MAP or No MAP ? Let your voice be heard

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tatasal
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MAP or No MAP ? Let your voice be heard

As flashlight enthusiasts (FLASHLIGHT BUYERS in short), I think it’s about time to let our voices be heard about this MAP (Minimum Advertised Price) thing.

I think most, if not all, of these Chinese suppliers are on-line dealers/sellers. They have no physical store to maintain, among other things, if at all. This has changed the dynamics of free enterprise, the essence of business in a capitalistic world. Geographical borders is virtually non-existent today. MAP or no MAP, how can anyone actually enforce this?

MAP is IMO, pro-manufacturer. I am pro-buyer, so I am against any form of interference in the market. Only the strong will survive, I believe. If there is a demand, there is always someone willing to create the supply side.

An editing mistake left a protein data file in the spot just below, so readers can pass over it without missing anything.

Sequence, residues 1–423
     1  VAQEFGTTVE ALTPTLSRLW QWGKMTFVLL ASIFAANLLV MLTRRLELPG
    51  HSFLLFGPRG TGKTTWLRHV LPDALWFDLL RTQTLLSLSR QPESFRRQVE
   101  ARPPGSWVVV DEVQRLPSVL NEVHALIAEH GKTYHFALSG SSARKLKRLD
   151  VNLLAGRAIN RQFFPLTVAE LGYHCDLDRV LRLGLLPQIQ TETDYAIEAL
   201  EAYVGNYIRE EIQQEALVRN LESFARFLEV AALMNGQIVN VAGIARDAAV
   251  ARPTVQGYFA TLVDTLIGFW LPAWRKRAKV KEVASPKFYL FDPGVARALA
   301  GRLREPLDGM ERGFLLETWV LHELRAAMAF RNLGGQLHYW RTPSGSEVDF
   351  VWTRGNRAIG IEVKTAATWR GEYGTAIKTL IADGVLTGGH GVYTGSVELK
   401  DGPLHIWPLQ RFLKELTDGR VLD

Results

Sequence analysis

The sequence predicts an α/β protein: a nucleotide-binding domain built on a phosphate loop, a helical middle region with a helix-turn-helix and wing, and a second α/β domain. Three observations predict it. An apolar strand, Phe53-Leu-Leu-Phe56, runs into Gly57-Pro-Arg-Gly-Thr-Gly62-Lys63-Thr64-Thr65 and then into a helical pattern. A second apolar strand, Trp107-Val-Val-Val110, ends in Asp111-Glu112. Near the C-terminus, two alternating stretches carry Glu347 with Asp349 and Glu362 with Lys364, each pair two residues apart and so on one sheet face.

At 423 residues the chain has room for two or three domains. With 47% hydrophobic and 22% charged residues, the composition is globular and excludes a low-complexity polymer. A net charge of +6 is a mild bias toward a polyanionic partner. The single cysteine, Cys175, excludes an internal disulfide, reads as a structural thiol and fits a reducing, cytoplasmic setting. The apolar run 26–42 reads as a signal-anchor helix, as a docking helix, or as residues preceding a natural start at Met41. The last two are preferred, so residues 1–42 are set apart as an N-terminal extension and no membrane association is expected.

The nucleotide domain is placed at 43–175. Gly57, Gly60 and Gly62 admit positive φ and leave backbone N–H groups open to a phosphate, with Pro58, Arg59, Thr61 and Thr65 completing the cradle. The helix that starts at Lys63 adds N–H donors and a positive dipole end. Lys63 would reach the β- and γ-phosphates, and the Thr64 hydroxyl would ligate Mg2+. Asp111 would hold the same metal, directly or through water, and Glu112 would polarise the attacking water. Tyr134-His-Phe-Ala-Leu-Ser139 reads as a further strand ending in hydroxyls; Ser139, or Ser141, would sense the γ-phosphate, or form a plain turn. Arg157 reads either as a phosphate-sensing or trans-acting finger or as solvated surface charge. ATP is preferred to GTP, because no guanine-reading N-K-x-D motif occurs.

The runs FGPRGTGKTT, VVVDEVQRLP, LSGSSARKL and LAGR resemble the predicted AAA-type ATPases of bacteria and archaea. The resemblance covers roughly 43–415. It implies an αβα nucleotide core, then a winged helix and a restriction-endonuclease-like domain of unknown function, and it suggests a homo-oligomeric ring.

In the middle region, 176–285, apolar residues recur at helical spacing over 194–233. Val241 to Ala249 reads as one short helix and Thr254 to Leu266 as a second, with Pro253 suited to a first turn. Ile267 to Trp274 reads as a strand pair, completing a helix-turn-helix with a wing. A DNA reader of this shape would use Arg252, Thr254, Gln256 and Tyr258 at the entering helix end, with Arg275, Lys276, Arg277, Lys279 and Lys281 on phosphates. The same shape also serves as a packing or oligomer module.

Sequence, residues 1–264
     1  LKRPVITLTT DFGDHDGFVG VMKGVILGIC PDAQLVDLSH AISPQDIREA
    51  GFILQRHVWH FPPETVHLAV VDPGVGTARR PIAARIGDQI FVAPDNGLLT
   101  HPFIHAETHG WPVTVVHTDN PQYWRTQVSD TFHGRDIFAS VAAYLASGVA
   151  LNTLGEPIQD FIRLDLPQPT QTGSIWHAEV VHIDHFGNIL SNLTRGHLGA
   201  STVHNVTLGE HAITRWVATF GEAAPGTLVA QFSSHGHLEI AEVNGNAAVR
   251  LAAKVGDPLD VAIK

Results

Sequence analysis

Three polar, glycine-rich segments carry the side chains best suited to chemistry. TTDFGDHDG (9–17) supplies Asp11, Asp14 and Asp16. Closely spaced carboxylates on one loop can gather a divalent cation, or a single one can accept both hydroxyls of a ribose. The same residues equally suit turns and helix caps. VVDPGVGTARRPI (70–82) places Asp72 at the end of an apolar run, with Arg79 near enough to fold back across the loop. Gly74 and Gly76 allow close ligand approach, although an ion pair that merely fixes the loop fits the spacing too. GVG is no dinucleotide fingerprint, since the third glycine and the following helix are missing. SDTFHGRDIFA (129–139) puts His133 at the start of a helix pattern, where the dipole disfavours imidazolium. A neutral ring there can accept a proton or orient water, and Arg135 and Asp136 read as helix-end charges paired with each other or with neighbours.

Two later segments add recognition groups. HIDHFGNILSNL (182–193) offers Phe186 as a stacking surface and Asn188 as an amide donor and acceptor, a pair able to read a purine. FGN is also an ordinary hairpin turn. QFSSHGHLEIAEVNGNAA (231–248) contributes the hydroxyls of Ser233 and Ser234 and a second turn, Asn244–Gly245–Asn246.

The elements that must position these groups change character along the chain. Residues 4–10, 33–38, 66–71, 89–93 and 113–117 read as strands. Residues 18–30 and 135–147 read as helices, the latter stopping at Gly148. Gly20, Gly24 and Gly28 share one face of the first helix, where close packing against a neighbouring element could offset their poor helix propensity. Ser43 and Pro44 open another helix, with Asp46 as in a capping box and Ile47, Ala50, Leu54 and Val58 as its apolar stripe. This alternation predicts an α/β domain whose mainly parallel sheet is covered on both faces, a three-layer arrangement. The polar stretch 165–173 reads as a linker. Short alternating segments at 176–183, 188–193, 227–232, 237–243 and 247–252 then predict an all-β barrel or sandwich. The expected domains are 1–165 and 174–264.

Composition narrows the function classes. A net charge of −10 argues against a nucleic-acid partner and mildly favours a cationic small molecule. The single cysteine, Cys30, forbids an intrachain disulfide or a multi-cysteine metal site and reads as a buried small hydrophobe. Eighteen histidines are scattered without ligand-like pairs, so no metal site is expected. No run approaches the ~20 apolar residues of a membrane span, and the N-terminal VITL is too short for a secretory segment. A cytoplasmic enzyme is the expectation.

(The momentum now is that prices are steadily going down. Let us not allow this MAP thing to stop it in its tracks)

Edited by: tatasal on 05/23/2019 - 23:27
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Map is pro retailer. No map would mean better prices for us buyers, means more would get sold, means better for the manufacturer. I'm getting sick of these light I want at a decent price just to have the manufacturer step in and f it all up. I had liked crelant, and wanted a few diferent models, but now I think I will just stick to finding a used 7g5 v2 and call it good. I wanted one of those blue pen lights (can't remember the brand or model right now) that fasttech had for a few days. But now the map has stepped in and no way I'm paying that price for a pen light. 

FMS
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These types of posts just serve to promote how clueless some are about how a business model works.